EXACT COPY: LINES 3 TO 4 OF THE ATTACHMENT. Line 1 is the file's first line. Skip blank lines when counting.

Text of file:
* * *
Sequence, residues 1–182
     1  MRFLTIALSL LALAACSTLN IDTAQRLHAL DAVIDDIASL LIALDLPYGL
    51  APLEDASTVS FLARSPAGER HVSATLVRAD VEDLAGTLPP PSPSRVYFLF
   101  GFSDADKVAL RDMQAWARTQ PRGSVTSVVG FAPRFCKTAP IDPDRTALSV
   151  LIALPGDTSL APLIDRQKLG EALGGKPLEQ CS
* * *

    51  APLEDASTVS FLARSPAGER HVSATLVRAD VEDLAGTLPP PSPSRVYFLF
   101  GFSDADKVAL RDMQAWARTQ PRGSVTSVVG FAPRFCKTAP IDPDRTALSV